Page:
Parental Warning: This column contains strong language.
Several months ago, thousands of you joined me in fighting for justice for Kaia Rolle, the 6-year-old girl from Orlando, Florida who was outrageously arrested, handcuffed, put in a police car, and jailed after throwing a tantrum at her elementary school. We made tens of thousands of phone calls to the school district and police department, and in a matter of days, the officer was fired.
But until now, we had not seen the absolutely infuriating video of this arrest. I don’t know what I expected. Of course it was always destined to be horrible, but it’s worse than I’d imagined. It was worse than her family had imagined. My original inclination was to say “Fuck the Police.” But now I’ve settled somewhere different. Everybody failed Kaia. Her teachers. Her principal. Her counselors. The other officer on the scene. The other officers at the police department. Everybody. After seeing the video, person after person could’ve and should’ve intervened, but groupthink is a helluva drug.
Instead of having even a modicum of courage, everybody bowed down and allowed a child to be traumatized in their midst. It’s sooooooo telling. Because in our minds, we think we will have the integrity and moral courage to step up for people who need our help in moments of despair, but the video of this awful arrest shows us the truth – even when a baby girl is at risk – people will just bow the fuck down and acquiesce – allowing something unspeakable to happen right in front of their faces.
After her outburst at the school, Kaia had actually calmed all the way down. The situation had deescalated. She was literally reading a book with a staff member when the officer entered the room. And here’s the thing that we don’t talk about enough – officers have a wide range of discretion that they are allowed to use on the who, what, when, where, why, and how of issuing arrests. They aren’t bound to issue an arrest or even a ticket in every situation. In this instance, the officers had all authority to assess the situation and leave the room without even saying a word, but he did the exact opposite of that. Seeing a calm, cool, relaxed Kaia Rolle, he proceeded with an arrest. It’s unthinkable.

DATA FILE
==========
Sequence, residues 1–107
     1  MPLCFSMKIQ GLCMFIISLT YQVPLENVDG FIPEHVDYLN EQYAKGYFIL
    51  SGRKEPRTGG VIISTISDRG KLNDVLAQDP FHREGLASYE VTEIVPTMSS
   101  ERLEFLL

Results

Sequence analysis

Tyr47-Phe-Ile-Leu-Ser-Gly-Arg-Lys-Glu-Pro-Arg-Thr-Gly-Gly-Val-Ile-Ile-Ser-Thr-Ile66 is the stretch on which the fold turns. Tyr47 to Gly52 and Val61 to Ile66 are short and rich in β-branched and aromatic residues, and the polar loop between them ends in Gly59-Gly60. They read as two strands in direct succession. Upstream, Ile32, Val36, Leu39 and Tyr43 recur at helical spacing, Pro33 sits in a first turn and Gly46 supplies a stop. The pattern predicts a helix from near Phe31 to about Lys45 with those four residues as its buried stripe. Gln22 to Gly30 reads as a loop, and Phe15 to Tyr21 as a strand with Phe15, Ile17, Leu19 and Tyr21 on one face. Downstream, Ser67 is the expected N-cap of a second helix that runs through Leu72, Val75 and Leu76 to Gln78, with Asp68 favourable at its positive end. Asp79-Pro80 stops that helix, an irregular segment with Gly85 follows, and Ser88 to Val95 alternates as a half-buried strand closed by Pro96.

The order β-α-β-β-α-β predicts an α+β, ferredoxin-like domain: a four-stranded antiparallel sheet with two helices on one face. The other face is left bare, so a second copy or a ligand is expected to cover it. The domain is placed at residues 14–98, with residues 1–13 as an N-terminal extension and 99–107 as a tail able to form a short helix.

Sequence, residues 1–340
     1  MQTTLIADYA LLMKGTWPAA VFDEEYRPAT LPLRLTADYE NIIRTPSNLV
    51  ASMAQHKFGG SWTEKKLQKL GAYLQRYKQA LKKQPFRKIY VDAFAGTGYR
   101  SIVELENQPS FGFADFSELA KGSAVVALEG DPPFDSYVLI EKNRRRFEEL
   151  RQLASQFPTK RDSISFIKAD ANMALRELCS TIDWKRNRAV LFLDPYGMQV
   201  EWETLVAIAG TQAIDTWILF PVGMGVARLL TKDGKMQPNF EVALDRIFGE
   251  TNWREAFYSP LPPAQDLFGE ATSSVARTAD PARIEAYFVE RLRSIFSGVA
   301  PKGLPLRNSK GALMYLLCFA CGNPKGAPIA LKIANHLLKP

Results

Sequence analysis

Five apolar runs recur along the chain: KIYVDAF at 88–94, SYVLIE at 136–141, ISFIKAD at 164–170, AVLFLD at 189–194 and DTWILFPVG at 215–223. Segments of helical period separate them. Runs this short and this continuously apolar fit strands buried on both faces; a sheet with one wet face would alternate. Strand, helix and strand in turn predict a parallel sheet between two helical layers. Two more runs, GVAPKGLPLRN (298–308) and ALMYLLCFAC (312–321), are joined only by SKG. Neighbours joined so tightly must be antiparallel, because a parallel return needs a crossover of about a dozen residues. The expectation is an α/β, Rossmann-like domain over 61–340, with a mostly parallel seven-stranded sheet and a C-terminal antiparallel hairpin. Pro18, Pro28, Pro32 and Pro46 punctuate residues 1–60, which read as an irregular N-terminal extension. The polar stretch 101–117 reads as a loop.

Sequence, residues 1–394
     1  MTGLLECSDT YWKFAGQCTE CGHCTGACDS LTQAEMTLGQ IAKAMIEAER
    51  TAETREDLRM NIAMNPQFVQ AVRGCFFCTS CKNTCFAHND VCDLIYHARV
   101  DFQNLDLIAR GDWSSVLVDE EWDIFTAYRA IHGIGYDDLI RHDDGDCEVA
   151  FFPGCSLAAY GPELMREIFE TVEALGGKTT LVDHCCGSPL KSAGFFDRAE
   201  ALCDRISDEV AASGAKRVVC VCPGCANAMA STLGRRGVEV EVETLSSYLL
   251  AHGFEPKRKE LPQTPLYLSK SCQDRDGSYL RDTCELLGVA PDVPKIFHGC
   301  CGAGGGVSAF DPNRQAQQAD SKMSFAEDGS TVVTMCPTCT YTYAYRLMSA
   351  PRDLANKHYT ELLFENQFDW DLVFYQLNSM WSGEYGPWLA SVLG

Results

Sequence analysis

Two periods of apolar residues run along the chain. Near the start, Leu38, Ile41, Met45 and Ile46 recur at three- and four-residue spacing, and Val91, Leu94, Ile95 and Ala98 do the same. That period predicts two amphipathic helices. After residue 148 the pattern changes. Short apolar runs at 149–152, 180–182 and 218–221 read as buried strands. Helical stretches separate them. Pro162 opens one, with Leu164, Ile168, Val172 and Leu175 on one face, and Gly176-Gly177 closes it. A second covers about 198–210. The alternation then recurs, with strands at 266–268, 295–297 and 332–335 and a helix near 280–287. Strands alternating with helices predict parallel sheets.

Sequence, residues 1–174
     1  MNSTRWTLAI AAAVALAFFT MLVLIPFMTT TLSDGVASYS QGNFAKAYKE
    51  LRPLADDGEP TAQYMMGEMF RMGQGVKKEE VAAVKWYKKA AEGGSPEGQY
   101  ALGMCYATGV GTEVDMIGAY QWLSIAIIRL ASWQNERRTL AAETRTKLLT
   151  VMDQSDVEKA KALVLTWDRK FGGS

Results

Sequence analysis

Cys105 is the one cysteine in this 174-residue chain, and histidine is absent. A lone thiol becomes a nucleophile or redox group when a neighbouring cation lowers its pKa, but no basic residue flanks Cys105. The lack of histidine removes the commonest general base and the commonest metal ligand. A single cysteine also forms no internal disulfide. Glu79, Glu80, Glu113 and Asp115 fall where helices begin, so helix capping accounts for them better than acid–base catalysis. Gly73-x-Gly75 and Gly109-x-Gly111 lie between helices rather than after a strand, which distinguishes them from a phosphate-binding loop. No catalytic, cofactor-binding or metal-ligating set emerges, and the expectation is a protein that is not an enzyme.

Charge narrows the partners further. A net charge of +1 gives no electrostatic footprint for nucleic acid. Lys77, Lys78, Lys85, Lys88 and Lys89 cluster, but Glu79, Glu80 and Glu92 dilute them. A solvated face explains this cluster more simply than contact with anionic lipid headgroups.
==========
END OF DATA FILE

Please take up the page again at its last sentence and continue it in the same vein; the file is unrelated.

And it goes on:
And she was crushed. Even at her young age, the thought of being handcuffed, arrested, put in a police car, and sent to jail broke her heart. I could cry right now just thinking about it.
But through the begging sobs and protests of Kaia, the officer arrested her nonetheless. His partner participated, assisting in putting the tight zip-ties around her arms with her hands behind her back.
A brave teacher or administrator would’ve put their body in front of Kaia’s, and refused to allow such an arrest to happen on their watch. No such person was around that day.
And us. We also failed Kaia. I have to say this. Mass incarceration, and all of the systems, structures, laws and policies that come along with it, wasn’t built by far away aliens, it was built on our watch, by elected officials in our districts. I beg of you, please read the brilliant, Pulitzer Prize winning book, Locking Up Our Own, by my friend and brother James Forman, Jr., a brilliant professor at Yale Law School.
In it, James makes it clear that it wasn’t just a bunch of conservative boogeymen who built mass incarceration, but neo-liberals, Democrats, and scores of Black and Latino politicians ranging from mayors, city-council members, school board leaders, to the Congressional Black Caucus. Trump didn’t build this shit. And maybe you don’t want to own it. I understand, but we at least need to accept that our lack of deep, true civic engagement has allowed a Frankenstein monster of a system to be built on our watch.
Do you know what the policies are in your school district? Do they allow the criminalization and arrest of children? Do you even know who runs your school board and system? Did you vote for them?
What about your police department? What about your local district attorney’s office? Do they allow such outrageous arrests of little children?
If you don’t know, if we don’t know, then yeah, we are a part of the problem. Ignorance to injustice is, in essence, compliance and acceptance of it.
We must do better.
P.S.: I am going to see how we can help Kaia and will let you know what I find out.